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Labor Party chairman Ehud Barak appointed coalition negotiators yesterday and ordered them to produce a finished agreement with Likud by tomorrow, so that he can present it to the party's convention when it meets that afternoon to decide whether Labor should join a Likud-led government.

Labor and Likud negotiators will meet this morning for a marathon session to finalize details of the agreement, whose outline has already been settled by Barak and Likud chairman Benjamin Netanyahu.

In addition to Barak retaining his current position of defense minister, Labor is demanding three other ministries - agriculture, infrastructure and the industry, trade and labor portfolio - plus one minister without portfolio. Barak and Netanyahu had agreed that Labor would receive five ministers, one deputy minister and one Knesset committee chairman, but did not sign on the specific posts.

A significant portion of the agreement will be devoted to socioeconomic issues, since the economic crisis is one of Barak's main arguments for joining the government. The outlines of the government guidelines on this issue were settled last week in a meeting among Netanyahu, Barak and Histadrut labor federation chairman Ofer Eini. The latter, who plans to speak at the Labor convention in favor of joining the government, argues that this move is essential, because there will be an "economic catastrophe if we don't unite our forces and form a stable government."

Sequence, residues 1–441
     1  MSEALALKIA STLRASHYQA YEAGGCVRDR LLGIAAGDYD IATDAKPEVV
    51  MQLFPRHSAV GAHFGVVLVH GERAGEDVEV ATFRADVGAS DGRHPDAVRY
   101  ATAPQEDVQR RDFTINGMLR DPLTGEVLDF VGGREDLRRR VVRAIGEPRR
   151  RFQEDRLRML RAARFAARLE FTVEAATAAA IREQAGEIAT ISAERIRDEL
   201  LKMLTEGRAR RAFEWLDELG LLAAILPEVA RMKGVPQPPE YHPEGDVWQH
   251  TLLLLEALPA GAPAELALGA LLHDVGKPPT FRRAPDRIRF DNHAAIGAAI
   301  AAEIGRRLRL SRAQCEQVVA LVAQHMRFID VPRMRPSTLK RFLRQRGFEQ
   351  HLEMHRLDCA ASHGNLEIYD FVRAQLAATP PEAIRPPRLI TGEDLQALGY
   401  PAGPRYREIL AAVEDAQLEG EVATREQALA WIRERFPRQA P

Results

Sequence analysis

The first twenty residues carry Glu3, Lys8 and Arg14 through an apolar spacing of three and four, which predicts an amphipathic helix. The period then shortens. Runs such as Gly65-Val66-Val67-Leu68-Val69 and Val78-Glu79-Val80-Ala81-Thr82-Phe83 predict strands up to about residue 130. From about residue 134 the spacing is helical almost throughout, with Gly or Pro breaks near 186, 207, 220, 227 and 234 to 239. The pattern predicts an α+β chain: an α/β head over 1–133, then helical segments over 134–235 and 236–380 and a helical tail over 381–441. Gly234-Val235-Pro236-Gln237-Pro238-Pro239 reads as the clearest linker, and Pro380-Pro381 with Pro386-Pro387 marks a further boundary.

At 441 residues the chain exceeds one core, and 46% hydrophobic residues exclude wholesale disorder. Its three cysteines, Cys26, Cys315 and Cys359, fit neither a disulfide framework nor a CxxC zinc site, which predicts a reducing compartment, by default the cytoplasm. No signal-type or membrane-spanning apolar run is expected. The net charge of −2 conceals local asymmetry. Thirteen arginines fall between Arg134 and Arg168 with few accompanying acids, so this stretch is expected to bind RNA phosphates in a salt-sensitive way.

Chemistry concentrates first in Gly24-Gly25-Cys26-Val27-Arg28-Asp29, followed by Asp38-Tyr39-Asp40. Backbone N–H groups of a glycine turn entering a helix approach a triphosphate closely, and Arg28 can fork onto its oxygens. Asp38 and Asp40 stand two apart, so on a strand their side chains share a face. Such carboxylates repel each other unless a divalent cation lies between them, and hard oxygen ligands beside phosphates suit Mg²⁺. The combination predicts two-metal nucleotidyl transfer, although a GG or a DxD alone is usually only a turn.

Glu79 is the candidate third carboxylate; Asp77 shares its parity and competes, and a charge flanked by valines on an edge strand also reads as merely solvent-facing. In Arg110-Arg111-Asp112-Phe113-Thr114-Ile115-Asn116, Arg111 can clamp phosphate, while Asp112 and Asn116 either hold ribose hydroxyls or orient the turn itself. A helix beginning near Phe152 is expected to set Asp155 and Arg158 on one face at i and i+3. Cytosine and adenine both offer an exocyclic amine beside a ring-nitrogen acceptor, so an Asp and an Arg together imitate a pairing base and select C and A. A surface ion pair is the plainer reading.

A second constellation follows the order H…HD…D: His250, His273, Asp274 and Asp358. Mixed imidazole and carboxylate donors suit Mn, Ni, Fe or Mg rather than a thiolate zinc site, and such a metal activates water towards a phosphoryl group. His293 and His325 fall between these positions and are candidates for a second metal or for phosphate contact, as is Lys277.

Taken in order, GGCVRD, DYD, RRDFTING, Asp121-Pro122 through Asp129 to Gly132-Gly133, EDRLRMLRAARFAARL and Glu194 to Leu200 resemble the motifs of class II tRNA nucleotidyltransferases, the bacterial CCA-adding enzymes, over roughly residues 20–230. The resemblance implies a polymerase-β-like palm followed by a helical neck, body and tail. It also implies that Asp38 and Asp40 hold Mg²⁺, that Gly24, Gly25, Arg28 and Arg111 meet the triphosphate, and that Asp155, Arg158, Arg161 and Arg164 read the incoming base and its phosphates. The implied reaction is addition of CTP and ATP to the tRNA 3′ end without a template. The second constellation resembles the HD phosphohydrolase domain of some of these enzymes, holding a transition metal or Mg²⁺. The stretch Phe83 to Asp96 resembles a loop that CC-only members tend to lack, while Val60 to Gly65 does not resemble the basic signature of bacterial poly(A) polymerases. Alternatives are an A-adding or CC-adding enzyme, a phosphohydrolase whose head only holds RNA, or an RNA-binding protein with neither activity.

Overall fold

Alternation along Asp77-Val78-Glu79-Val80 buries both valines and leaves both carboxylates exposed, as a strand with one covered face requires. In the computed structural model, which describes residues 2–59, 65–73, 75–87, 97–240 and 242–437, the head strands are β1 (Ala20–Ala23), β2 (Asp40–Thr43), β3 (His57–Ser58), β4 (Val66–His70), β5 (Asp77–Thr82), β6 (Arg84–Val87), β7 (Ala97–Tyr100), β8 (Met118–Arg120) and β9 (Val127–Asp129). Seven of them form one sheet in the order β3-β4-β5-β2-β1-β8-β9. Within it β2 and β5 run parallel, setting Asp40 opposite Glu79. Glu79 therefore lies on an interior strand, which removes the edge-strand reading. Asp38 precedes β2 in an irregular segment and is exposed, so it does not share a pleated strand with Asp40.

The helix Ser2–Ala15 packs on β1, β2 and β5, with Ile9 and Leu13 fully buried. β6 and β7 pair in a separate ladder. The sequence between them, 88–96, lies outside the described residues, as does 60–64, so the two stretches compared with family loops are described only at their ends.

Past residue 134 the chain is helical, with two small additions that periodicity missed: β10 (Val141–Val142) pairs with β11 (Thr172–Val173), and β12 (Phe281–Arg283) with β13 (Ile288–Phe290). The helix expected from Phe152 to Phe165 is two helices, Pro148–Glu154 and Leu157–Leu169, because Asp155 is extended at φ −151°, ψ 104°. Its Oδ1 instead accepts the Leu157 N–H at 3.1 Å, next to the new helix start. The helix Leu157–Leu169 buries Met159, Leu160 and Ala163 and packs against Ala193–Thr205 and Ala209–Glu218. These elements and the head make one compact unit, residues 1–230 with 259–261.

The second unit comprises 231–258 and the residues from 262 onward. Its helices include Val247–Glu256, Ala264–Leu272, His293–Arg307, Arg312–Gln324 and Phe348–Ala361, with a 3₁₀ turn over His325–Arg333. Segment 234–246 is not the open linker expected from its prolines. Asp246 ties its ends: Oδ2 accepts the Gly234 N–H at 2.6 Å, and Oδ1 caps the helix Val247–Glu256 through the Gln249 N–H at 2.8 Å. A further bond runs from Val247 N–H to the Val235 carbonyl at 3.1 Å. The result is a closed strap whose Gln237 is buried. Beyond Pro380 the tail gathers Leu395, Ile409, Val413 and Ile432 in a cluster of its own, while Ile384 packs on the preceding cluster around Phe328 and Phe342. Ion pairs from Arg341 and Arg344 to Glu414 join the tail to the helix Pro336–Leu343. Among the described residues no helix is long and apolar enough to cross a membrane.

He also said that Netanyahu had "displayed willingness to go a long way toward our socioeconomic positions." Specifically, he said, the Likud chair promised not to cut the wages of government employees, to adopt two proposals for avoiding layoffs devised jointly by Eini and Manufacturers Association president Shraga Brosh, to protect retirees and pension savings and to launch a program to assist troubled companies.

In addition, Netanyahu agreed to establish a joint forum - consisting of himself, his finance minister, Eini, Brosh and Bank of Israel Governor Stanley Fischer - to steer economic policy.

Eini is one of the three coalition negotiators that Barak appointed, along with Agriculture Minister Shalom Simhon and attorney Alon Gellert.

On diplomatic issues, the government's platform will declare its commitment to continuing talks with the Palestinians and Syrians, but will not include the words "two states for two peoples."

Yesterday, bowing to pressure from within his party, Barak pledged to remain in Labor even if his proposal to join the government is defeated - something he had originally refused to do. Nevertheless, he came under renewed attack from opponents of joining the government over his decision to begin coalition negotiations immediately, instead of waiting for the convention's decision tomorrow.

"The appointment of a coalition negotiating team without the approval of the Labor Party's institutions is something that has never before been done," seven MKs opposed to the move said in a joint statement. "This violates the rules of the democratic game within the party and is an attempt to impose a fait accompli on convention members."

Currently, the convention appears evenly split between opponents and proponents of joining the government, leaving both sides fighting over every vote.